A German hotel owner was taken to court for having an A4-sized portrait of Adolf Hitler hanging on a wall of his private apartment.
The 55-year-old man, named only as Horst S., runs a three-room guesthouse near the western city of Frankfurt. In September 2009, a man from Nuremberg had asked if he had a double room available. He did not, but because the prospective guest hailed from the Bavarian city where his own grandfather was born, he decided to rent him a private room in his little hotel, where he also lives.
Mr S. was surprised when his guest later confronted him accompanied by two police officers. The public display of images of the Führer is banned in Germany, as is showing Nazi symbols such as the swastika and the SS runes. But having Hitler up in one's private home is allowed.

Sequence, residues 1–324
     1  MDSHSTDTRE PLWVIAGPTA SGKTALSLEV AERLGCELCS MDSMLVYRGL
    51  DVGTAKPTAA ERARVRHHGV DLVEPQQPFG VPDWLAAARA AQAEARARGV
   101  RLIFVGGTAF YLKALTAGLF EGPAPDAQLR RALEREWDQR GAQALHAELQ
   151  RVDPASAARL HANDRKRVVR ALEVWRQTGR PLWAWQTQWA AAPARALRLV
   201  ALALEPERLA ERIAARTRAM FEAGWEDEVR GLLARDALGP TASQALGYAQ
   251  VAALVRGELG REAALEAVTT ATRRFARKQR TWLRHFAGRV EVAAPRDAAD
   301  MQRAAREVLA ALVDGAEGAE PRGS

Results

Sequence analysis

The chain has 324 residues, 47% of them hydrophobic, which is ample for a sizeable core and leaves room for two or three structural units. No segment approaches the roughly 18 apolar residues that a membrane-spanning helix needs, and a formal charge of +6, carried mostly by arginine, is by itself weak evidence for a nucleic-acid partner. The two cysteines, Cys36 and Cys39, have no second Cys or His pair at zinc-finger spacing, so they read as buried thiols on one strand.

"That's what you get for being friendly," Horst S. said as he waited for the trial to begin at the Frankfurt district court on Tuesday, the Frankfurter Rundschau newspaper reported. He had arrived armed with a blueprint of his hotel to make clear that the Führer portrait was in the private part of the building, and that he had therefore not broken any laws.
"The judge dismissed the case because the picture was in a part of the building that is not publicly accessible," a spokesman for the court told SPIEGEL ONLINE. "He would only have been culpable if he had put it on public display. In that case the penalty can be a fine or a jail sentence up to three years."
The portrait has been confiscated and will not be returned to the hotel owner. Local media reports said the man was given the portrait by a friend who was aware of his Austrian roots. Hitler was born in Austria too.
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